14. Inflatable tub. This is a great option to help contain baby in a cleaner space. It’s also a good idea to bring along when traveling in Europe, because not all hotels will have a bath tub. You can pick them up on Amazon, so its super easy!

15. Blankets. I usually being a soft snuggle blanket to help baby fall asleep and cuddle with, and an old swaddling blanket or two for something to put down on the ground when baby needs to stretch his legs.


16. Changing in Europe. Get ready to change baby anywhere and everywhere. There are not as many public bathrooms with changing stations readily available. Get a cushy changing mat and get ready for some baby buns in the piazza. No one seems to mind, but it is a little tricky when have have to address a Mt Vesuvius explosion in the diaper.

17. Doctors and Meds. Before leaving, try to locate through your doctor, recommendations from locals, or even the internet, a pediatrician and/or hospital in case baby needs to go to the doctor. My doctor said if you are flying blind, generally speaking she would recommend going to a university hospital because they tend to have better care and services. Bring a digital thermometer (I like the ones that you can scan their ear or forehead) so you can easily check if baby is just tired and a little off or actually sick. Always have a fever and pain reducer like Tylenol or Advil on hand, some teething aids, and a nasal bulb. If going to a foreign country, also bring any other regular meds with you that baby often takes because it can be difficult to find the same brands that you are used to, not to mention trying to figure out the dosage. In addition to his ear infection, out little dude also got pinkeye, and trying to find drops was crazy (we eventually did succeed in convincing a pharmacist what to give us after going to med school at WebMD). Another great thing to take along to help with dehydration if baby isn’t eating well or has tummy issues is powder packets of Pedialite.


18. Flight Times. Try to book your flights that work well around baby’s schedule. While you may be up for a 6am flight, baby might have different ideas woken up at 3am from a cozy snooze to get ready and packed in the car. if traveling internationally, doing an overnight flight where baby can sleep most of the time can be great!!

19. Time Zones. When we flew to Italy the time difference was 6 hours ahead for us. He slept most of the way over on the flight, but his schedule was still a little off those first few days. The first night it was tricky to get him to go down to bed because for him it felt way early, but night by night we backed it down a little, and by the 3rd night he had adjusted and seemed to be sleeping and napping close to his regular schedule. On the return he seemed to bounce back in about 3 days as well. Pushing the bed times back or forward just a little for a few days should help them adjust to the new time, and they will be sleeping well before you know it.  If only changing an hour here or there, I’d recommend sticking to their regular schedule to make it easier on everyone.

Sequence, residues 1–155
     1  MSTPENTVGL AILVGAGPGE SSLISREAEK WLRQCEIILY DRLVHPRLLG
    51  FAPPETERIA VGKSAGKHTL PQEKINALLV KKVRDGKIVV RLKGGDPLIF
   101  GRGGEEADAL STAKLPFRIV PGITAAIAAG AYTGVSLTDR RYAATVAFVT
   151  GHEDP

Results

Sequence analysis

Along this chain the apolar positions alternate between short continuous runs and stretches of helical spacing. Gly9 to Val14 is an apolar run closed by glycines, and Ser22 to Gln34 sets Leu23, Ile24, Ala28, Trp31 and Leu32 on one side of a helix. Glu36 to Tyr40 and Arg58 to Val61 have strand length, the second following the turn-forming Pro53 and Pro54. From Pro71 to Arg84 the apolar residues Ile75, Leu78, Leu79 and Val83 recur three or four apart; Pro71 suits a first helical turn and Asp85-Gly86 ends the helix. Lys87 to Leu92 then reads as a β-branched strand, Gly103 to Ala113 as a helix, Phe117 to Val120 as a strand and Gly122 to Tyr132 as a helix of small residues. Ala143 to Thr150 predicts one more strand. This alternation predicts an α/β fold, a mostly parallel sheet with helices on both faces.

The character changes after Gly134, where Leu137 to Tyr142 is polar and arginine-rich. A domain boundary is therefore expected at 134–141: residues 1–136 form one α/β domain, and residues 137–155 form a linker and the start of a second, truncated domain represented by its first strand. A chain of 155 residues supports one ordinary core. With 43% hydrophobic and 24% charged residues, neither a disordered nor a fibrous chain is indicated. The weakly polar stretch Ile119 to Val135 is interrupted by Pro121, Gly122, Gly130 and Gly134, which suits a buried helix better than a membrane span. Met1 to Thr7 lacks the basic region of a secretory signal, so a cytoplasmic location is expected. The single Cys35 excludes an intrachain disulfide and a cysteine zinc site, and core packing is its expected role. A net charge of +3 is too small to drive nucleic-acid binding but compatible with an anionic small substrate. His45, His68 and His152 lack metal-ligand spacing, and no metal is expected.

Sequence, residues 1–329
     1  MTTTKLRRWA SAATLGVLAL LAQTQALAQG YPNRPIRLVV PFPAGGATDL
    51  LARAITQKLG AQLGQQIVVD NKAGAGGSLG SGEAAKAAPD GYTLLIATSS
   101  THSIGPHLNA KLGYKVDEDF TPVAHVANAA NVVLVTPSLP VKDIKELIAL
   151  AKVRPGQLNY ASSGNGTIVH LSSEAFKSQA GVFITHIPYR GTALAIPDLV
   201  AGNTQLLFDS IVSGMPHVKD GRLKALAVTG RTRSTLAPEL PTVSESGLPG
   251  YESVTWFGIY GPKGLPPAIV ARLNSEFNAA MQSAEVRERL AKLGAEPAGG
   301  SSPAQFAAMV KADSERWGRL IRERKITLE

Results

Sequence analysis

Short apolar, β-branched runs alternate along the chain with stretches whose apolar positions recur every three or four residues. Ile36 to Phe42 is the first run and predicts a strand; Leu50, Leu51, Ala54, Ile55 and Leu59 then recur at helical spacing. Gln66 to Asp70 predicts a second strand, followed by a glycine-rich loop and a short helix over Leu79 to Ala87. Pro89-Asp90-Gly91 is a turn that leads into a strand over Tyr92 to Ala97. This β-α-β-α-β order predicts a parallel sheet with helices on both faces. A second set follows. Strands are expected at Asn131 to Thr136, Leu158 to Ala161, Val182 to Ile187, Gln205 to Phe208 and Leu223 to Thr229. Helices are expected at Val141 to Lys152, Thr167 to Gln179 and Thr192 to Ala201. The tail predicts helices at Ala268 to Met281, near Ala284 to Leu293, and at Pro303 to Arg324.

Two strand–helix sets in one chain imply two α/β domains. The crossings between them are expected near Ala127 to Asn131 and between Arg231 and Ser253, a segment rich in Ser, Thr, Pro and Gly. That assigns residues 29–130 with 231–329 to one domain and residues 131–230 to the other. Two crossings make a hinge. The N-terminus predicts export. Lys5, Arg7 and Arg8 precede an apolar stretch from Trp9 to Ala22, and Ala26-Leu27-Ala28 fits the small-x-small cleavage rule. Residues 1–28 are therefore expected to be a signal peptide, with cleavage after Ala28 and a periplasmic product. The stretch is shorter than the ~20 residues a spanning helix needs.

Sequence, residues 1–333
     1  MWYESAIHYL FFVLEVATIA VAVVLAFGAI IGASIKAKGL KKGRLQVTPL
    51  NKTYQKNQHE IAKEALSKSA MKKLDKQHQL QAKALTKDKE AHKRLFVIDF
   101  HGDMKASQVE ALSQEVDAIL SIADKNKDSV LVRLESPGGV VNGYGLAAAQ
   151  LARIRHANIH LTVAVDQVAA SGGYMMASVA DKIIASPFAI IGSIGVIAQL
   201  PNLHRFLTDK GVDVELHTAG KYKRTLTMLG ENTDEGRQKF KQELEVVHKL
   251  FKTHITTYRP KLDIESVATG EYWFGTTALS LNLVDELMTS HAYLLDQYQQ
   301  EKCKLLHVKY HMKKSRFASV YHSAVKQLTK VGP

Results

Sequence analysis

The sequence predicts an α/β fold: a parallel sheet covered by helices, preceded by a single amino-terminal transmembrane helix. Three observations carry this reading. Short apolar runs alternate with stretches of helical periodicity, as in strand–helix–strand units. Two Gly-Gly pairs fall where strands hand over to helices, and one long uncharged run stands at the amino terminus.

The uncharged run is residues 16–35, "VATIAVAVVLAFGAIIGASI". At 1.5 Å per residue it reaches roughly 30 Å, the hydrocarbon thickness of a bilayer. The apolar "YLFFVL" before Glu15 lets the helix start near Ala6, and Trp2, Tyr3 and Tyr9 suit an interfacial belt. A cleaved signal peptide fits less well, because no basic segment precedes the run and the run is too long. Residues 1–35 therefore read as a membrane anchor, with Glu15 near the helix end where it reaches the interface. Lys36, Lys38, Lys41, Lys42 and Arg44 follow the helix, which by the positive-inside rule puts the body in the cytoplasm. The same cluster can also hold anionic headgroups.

20. Great Expectations. It is good to have realistic expectations before embarking on a trip with baby and plan accordingly.

If you are day dreaming of a relaxing trip to the south of France, it is healthy to embrace the fact that you will in fact get to bask in the sun along the French Riviera, but as you try to balance a glass of rose in one hand you will be applying copious amounts of sunscreen on a wiggling little critter with the other, desperately looking for shade for baby, lugging a beach bag and a diaper bag, chasing baby around quickly blocking baby’s attempts to eat yet another pebble on the beaches you peer over at the other beach goers, the lovely people who are lazily sipping delicious cocktails, gazing out at the sea for hours on end, drifting in and out of a lovely sleep while reading their new favorite summer novel.

Get ready. Babies can cry, get tired, get cranky, require a lot of extra equipment, and can get sick (ours got a double ear infection and cold when we went to Italy). That being said, I would take a vacation day with baby than staying at home any day of the week, hands down. I am so excited to share this planet with my child and watch him experience all the amazing things this world has to offer. I will never forget watching him crawl around in the grass under a giant lemon tree in Tuscany, watching the world whisk by him in a busy market in Florence, sitting at an Italian restaurant teething on a hunk of delicious crunchy bread, and going for a boat ride on Lake Como. Vacations, big or small, are moments for families to come together and make memories, and I promise as soon as you are back you will forget the hard parts (well, for the most part anyway), and just look back at those photos and smile.


To make it easier on yourself, pick an itinerary that is more suited for a baby lifestyle. Choose one or two key places and set up camp for a few days at that destination to minimize unpacking and repacking your and baby’s things. Pick a few items on your agenda that are must see and leave the rest of your schedule open for walking around and just taking in the sights, or playing at a park. A more relaxed itinerary will lend itself to a more relaxing trip for the mommy, daddy and baby.

Safe Travels!